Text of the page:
In the same chat, the keyboardist indicated that they hoped that Syd would become their “Brian Wilson“. The American musician’s struggle with Schizoaffective Disorder prevented him from doing much touring with The Beach Boys. Despite battling that mental illness, he continued to be the group’s primary songwriter and finally joined them on stage after he recovered.

Gilmour, Wright and Mason never saw him again

Barrett’s family’s request to be left alone was honored by all Pink Floyd members, and they never again attempted to get in touch with him. So the last time David, Richard and Nick ever saw him was in 1975 during that bizarre session of “Shine On You Crazy Diamond”. It was startling to witness Wright’s condition, as he also recounted in the John Edginton interview.

“(Something) I’ll never forget is going into the ‘Shine on Your Crazy Diamond’ session, that’s so clear in my mind. I think Roger was in the studio already when I walked he was actually listening to that track. Roger was there in first and I came in, I don’t think Nick and Dave had arrived. Anyway, I went in the studio and I saw this guy sitting at the back of the studio. I didn’t recognized him. So I sit down next to Roger and he’s doing whatever he is doing. I said: ‘Who’s that guy behind you? Friend of yours?’ Roger said: You don’t know who he is? I said: ‘No’. It took me ages and then Roger said: ‘That’s Syd’. I just cracked up. I couldn’t believe it.”

“Because by that time he’d shaved all his hair off. He was about probably 17, 18 in stone. I mean he had (shaved) his eyebrows, everything. He was jumping up and down brushing his teeth, it was awful. Roger was in tears, we were both in tears. It was very shocking and very strange that he came when we were doing that session.”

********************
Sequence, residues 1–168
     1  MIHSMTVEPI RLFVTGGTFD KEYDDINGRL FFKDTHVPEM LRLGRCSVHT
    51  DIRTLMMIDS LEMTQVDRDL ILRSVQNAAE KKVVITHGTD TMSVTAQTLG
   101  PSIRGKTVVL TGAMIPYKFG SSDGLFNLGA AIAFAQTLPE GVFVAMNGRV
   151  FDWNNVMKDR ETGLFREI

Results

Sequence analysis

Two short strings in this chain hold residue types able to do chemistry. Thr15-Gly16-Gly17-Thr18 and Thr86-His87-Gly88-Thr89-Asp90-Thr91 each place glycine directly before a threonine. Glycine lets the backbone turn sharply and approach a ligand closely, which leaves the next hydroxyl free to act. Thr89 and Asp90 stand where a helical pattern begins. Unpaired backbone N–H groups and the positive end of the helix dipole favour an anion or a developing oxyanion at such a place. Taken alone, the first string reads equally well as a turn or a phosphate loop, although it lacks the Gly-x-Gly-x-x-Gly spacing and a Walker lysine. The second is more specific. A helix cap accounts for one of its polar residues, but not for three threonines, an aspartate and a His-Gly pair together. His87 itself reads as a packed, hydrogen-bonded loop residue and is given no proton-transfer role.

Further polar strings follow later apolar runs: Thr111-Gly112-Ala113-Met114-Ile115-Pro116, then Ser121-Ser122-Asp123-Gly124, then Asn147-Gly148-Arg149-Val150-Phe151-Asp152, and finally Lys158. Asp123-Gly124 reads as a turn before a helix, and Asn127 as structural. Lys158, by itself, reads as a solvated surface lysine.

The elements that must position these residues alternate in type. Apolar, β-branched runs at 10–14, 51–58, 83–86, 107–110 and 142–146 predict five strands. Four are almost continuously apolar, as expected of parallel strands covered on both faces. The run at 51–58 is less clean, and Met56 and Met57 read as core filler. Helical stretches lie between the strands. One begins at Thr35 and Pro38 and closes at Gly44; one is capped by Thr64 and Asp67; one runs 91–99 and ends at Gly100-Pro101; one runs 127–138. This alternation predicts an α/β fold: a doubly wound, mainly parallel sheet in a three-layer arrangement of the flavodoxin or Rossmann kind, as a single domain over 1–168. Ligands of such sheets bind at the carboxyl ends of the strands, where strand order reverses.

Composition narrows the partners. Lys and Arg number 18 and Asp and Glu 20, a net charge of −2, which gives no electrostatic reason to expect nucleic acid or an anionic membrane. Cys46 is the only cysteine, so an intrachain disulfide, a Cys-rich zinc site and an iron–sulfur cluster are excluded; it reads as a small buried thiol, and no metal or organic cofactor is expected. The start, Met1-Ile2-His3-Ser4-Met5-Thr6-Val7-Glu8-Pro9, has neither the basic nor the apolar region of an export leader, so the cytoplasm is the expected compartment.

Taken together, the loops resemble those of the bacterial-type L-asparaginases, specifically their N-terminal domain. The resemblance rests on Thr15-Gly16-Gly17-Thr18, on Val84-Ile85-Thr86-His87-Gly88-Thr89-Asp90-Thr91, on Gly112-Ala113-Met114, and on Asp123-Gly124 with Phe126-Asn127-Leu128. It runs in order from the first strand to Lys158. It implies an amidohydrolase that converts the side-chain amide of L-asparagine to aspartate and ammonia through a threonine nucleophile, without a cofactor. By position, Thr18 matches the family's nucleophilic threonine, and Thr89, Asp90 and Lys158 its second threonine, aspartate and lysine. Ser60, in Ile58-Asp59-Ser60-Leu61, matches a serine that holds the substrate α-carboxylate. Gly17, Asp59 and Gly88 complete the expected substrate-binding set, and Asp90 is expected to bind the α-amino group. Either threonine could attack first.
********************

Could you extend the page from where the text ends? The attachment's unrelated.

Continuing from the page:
“It was seven years with no contact and then (he) walked in while we’re actually doing that particular track. I don’t know, coincidence, karma, fate, who knows? But it was very, very, very powerful. Of course, he stood up and said: ‘When should I put the guitar on?’ So that was pretty hard for all of us to take I think. Then he went out of our lives again and we tried to have a conversation with him (that day). But it was very hard, very, very hard.”

Roger Waters had an accidental encounter with Syd

The only other Pink Floyd member to see Barrett again was Roger Waters, and that too was an extremely odd and fortuitous meeting. He last saw him a few years after the “Wish You Were Here” recordings, he said to The Mirror in 2008.

Roger Waters said, “The last time I saw him was a couple of years, after he turned up at the ‘Wish You Were Here’ sessions. I bumped into him in Harrods where he used to go to buy sweets. But we didn’t speak he sort of scuttled away.”